Is philanthropy advice an optional extra for private client advisers?


Katrina McClellan


Is integrating philanthropy advice into an existing practice just an optional extra for some firms? The answer depends on who you’re talking with. A quick scan of the crowd at the opening event in Philanthropy Impact and STEP’s Philanthropy Programme highlighted that many organizations are seeing a growth in demand in the area, regardless of whether it forms a core part of their service offering. The question seems to be as old as musing on the sound of one hand clapping, and probably resurfaces just as frequently as well.

Naturally this is a fairly biased sample, the audience and panel largely composed of firms offering some form of philanthropy advice – the panel, chaired by Ceris Gardner, included Rachel Harrington (Coutts), Paul Knox (J.P. Morgan), Edward Finch (Buzzacott Chartered Accountants) and James Carleton (Farrer & Co). As individual potential donors, existing grantmakers and aspiring impact investors can all hold hugely divergent objectives, the general consensus in the room was that the space requires a vast range of advisory services. Demand has been driving supply in all areas: technical, execution, strategy and personal journey. This has forced many professionals to re-evaluate a few preconceived myths about the world of philanthropy advice.

Five myths about the world of philanthropy advice

Philanthropy advice provides all the answers: which causes are most worthy, matching the best donors with the most suitable partner organizations, how to pinpoint the optimum donation (or investment) amount.  You don’t need to know everything to be a good adviser; one of the most important qualities is passion and curiosity, which means leaving your own ambition for social change at the door. The panel underlined the importance of asking what an individual looks to achieve with their wealth, how they plan to measure their success, where they will look to find the relevant expertise.

The marketplace is competitive, and private bankers are crowding out other advisers. There is a whole ecosystem in place to support decision-making, research capacity and understanding impact. Add to this, the number of organizations who can offer third party expertise on local causes, international initiatives, donor vehicles. The discussion centred on the important role of community foundations in the UK as resources for donors, and as ideal complements to the expertise found in private banks and law firms. Participants acknowledged there are a host of independent researchers, intermediary platforms and think tank organizations who can provide in depth information to those who seek it.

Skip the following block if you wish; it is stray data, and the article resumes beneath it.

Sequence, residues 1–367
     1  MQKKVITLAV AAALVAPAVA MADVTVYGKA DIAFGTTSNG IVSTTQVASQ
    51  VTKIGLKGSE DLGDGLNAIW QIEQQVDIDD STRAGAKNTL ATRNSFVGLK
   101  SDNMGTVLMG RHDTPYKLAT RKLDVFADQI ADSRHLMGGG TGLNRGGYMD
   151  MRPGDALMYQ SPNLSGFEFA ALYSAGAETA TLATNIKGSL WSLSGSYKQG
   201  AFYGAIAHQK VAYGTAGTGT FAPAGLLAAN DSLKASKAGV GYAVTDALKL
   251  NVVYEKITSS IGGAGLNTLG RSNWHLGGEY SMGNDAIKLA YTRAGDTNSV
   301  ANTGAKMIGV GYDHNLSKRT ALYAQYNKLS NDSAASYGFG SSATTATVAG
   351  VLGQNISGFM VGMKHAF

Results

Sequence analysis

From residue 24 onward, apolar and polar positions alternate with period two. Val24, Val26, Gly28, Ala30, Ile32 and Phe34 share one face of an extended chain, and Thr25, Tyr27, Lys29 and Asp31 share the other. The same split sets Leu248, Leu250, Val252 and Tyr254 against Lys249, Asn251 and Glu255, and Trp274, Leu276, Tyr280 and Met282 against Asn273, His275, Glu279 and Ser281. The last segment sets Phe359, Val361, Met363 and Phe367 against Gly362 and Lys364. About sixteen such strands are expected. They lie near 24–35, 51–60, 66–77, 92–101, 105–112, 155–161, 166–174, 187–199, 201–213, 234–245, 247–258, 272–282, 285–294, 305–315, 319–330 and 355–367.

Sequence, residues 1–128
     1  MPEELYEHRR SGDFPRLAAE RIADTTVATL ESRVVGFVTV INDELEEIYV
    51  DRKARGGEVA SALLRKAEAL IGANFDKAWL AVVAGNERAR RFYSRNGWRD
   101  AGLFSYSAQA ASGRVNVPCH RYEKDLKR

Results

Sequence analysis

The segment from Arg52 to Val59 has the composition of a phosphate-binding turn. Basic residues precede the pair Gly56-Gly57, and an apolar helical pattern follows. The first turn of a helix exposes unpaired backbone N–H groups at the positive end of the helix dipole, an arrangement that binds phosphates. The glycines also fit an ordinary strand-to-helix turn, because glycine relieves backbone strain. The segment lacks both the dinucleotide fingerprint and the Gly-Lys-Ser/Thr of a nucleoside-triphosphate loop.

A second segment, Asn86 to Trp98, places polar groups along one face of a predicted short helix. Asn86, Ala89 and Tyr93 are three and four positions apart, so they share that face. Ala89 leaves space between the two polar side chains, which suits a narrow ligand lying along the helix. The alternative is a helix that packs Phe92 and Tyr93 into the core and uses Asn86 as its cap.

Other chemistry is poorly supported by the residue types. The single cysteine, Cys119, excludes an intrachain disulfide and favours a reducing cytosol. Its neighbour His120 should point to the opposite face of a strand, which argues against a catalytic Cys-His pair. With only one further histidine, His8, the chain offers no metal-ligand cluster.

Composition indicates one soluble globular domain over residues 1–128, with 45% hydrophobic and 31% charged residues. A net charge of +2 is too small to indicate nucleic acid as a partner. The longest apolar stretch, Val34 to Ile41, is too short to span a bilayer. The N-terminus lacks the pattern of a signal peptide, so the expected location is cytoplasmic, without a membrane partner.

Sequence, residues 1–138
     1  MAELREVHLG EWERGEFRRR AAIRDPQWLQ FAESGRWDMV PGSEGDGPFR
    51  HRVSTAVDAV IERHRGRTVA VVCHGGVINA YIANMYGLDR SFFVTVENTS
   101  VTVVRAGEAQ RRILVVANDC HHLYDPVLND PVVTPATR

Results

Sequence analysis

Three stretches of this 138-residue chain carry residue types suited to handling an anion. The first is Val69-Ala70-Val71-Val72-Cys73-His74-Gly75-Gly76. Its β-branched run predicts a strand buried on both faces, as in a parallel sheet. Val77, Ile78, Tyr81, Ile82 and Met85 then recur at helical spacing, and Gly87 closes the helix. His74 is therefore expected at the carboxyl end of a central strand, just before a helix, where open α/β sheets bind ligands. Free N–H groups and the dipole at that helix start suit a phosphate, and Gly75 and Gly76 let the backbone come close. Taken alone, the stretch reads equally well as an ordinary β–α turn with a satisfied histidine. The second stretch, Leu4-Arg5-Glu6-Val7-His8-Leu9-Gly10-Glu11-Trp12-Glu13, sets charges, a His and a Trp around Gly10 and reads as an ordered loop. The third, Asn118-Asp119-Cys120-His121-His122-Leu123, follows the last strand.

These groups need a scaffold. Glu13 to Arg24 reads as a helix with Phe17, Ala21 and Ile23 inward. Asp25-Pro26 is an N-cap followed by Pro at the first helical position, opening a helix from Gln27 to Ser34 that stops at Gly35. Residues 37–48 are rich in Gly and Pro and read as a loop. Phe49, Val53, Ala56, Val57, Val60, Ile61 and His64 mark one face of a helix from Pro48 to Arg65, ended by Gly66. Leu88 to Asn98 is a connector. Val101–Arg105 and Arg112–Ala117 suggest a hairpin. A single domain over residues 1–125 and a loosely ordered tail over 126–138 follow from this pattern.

Philanthropy advice starts with legacy planning and leaves no opportunity for lawyers and accountants to join the discussion. It deserves to be reiterated that giving while living isn’t simply the preserve of UHNW individuals. Advising a potential or existing donor on philanthropy can be part of an end-to-end process from wealth creation as a business to sustaining a foundation once the original individuals have moved on. It’s fair to say that wealth management services have an advantage as a forward-looking service, but all parties advising on wealth creation have the opportunity to become fully intertwined in an individual’s philanthropic projects.

Philanthropists are best left alone. This is a wide-ranging myth. Some believe that financial and legal advisers have no place raising the question of giving, unless it relates to technicalities and structures. The myth is further compounded by the lack of regulation and benchmarking of philanthropy advice in the sector. It also extends into the need for greater collaboration, support networks and partnerships. The panel again emphasized the quality of a good all-round adviser is inquisitiveness and human connection, in parallel to their technical expertise. The option of setting up a new personal foundation is always available, but the panel stressed there are greater opportunities for social value coming from existing initiatives. They underlined that contact with existing donors is a valuable asset in offering philanthropy advice – peer to peer sharing of expertise is hugely important at any stage of a philanthropist’s giving.

Philanthropy advice can’t bring anything new to an organization. Aside from the obvious opportunities for internal referrals and building connections with clients that go beyond auditing, the panel commented that there are also major potential organizational benefits. They commented on the risk of silos between independent business areas, where philanthropy advice can help a firm better understand itself and its expertise, developing a better integration between business units.

The Philanthropy Programme is a series of events designed to educate private client advisers in the field of philanthropy. The programme is jointly produced by Philanthropy Impact and STEP. The first event in the series provided an insight into the immediate questions surrounding philanthropy advice. We look forward to seeing the discussion continue throughout 2015.

Katrina McClellan is communications and events officer at Philanthropy Impact.

The Philanthropy Programme is a series of events designed to educate private client advisers in the field of philanthropy. The programme is jointly produced by Philanthropy Impact and STEP.

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